The purpose of this weekly Popsicle assignment (I tell myself as I frantically write under a self-imposed deadline) is to remember to take pleasure in my cultural consumption. The truth is that there hasn’t been a lot of consumption these last couple of weeks. I’ve been too busy playing Ping Pong.
But I did manage a little bit of airplane magazine reading. It has been years since I’ve subscribed to a photo magazine, but the redesigned Aperture is a must read. Not only is it larger, thicker and more lushly printed than before, it is chock-full of text. After the endless waves of Insta-Tumblr, what a relief to be forced to shut my phone off on the plane and engage with thoughtful writing about photography.
The theme of the current issue is ‘Playtime’ and there are excellent pieces on Erwin Wurm, Christian Marclay, Jacques Tati, American conceptual humorists of the 60’s-70’s and contemporary Swiss photographers using comedy. But my favorite essay is ‘Photogeliophobia: Fear of Funny Photography’ by Tim Davis. “There are no published case studies of Geliophobia, the fear of laughter,” writes Davis, “but the History of Visual Art mostly is one. Despite how unbearable life would be without it, artists get anxious letting laughter leak into their work.”
Later in the essay Davis goes on to quote the patron saint of these Popsicle essays, George Saunders:
I just started writing these Dr. Seuss poems after seven or eight years of doing just Hemingway. And that night I just brought it home and threw it on the table…and after the kids were in bed I heard my wife laughing in the other room. Like Christmas morning I peeked around the corner and she’s laughing at my stuff, actually having pleasure in it…I had just written a 700 page novel…in a Joycean voice…so to see someone taking pleasure in it was just unreal…After that I said OK, so, you are heretofore permitted to be funny.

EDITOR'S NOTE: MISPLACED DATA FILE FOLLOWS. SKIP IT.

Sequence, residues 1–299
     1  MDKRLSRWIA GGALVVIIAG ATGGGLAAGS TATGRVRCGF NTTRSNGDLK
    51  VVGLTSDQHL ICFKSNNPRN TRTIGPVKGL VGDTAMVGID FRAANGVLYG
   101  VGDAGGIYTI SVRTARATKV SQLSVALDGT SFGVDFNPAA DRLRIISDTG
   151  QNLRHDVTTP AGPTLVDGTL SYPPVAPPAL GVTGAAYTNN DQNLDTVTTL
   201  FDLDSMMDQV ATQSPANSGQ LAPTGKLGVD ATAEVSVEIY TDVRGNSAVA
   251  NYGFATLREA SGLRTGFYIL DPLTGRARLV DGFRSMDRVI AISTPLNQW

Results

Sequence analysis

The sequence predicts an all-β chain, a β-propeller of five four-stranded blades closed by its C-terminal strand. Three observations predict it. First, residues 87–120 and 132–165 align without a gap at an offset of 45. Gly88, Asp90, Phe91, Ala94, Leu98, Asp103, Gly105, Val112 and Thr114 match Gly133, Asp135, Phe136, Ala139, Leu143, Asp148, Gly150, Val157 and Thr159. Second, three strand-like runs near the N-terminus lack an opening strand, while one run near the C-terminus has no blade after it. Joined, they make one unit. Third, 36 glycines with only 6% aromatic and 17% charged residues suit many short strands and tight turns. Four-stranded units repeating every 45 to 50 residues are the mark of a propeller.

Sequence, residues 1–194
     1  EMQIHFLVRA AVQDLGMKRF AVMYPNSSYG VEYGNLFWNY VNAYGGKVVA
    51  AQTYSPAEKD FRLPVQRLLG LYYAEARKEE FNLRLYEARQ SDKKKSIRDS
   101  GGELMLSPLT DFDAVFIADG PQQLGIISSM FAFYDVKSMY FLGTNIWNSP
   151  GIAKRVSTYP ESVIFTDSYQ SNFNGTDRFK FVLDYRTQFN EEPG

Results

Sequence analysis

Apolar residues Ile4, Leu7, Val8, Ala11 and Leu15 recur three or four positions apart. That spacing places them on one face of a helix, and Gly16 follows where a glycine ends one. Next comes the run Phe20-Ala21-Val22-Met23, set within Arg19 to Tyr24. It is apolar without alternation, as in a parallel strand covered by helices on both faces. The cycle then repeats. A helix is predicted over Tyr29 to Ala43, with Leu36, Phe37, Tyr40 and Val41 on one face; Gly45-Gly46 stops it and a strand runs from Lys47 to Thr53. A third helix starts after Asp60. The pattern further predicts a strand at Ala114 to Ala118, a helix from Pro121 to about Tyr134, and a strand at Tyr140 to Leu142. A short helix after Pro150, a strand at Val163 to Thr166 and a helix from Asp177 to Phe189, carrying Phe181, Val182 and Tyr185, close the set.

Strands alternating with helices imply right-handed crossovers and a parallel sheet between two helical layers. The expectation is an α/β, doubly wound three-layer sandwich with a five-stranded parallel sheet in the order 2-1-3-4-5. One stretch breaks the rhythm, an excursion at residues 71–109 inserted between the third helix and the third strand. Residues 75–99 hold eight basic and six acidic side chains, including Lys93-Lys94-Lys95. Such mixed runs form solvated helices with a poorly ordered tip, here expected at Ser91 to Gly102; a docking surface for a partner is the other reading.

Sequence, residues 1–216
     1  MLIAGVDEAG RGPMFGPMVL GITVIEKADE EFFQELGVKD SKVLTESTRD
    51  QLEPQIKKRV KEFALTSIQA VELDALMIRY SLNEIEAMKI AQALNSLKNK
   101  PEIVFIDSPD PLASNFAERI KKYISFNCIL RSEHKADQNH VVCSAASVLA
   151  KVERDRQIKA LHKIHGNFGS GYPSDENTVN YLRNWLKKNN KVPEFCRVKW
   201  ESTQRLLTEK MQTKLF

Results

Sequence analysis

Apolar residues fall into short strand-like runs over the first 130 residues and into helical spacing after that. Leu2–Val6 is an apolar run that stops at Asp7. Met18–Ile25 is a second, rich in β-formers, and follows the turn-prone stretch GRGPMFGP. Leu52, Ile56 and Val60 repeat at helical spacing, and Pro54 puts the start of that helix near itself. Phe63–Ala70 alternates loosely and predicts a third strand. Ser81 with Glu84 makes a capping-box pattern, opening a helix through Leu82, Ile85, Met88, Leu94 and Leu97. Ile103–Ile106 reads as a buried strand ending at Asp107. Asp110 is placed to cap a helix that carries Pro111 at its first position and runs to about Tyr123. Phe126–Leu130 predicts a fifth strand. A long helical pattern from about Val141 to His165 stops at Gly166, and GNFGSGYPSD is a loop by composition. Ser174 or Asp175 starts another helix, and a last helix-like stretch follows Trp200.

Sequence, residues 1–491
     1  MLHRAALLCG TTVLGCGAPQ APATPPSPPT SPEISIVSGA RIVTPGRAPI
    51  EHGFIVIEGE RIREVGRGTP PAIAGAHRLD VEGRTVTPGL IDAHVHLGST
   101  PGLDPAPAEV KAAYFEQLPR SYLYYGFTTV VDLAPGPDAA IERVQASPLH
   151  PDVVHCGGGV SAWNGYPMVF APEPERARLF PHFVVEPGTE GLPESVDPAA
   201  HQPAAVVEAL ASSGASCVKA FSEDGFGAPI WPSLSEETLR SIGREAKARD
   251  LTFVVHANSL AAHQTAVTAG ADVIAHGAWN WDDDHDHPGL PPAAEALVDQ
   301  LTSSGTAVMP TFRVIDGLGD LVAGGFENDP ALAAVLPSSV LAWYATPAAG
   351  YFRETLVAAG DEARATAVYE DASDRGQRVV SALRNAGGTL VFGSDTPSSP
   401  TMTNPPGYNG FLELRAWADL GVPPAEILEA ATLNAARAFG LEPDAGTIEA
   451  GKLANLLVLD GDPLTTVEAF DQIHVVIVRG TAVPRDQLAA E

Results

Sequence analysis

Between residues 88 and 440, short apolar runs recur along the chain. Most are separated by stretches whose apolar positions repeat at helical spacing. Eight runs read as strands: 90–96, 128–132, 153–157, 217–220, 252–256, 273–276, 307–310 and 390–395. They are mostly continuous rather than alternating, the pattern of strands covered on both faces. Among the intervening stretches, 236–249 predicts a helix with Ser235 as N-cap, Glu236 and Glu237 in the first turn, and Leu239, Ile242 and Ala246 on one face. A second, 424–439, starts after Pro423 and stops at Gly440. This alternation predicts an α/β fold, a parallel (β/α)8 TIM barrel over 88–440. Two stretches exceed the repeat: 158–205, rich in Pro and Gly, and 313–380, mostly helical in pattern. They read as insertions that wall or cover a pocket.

-George Saunders, The Sound of Young America Podcast
During the course of an interview with Araki last week in Tokyo, he looked at my book Sleeping by the Mississippi. “Why do you take pictures that are so sad,” he asked, “they all look like graves in a graveyard.” One of the answers, I suppose, is that I too have suffered from geliophobia. But in the years since working on Mississippi and Niagara, I’ve tried to loosen up and give myself permission to be lighthearted.
One result is LBM’s most recent book Ping Pong. This project came about after years of collecting vernacular pictures of my beloved semi-sport. The thing I cherish about these photos is their whimsy. Ping Pong isn’t boxing; it isn’t a brutal metaphor for our primitive aggressiveness. As Pico Iyer writes in the book, “Ping Pong is a lifestyle, a training in attention, a diversion, a mad passion and a way of not taking anything important too seriously and taking some tiny things much too seriously.”
Last Friday night LBM hosted a Ping Pong party in New York. In attendance I saw Paul Graham, Todd Hido, Susan Meiselas and many other acclaimed photographers. It was glorious to see all of these fantastic artists having fun and not taking themselves too seriously. I hope that now and again photographers allow themselves to convey this same spirit in their work.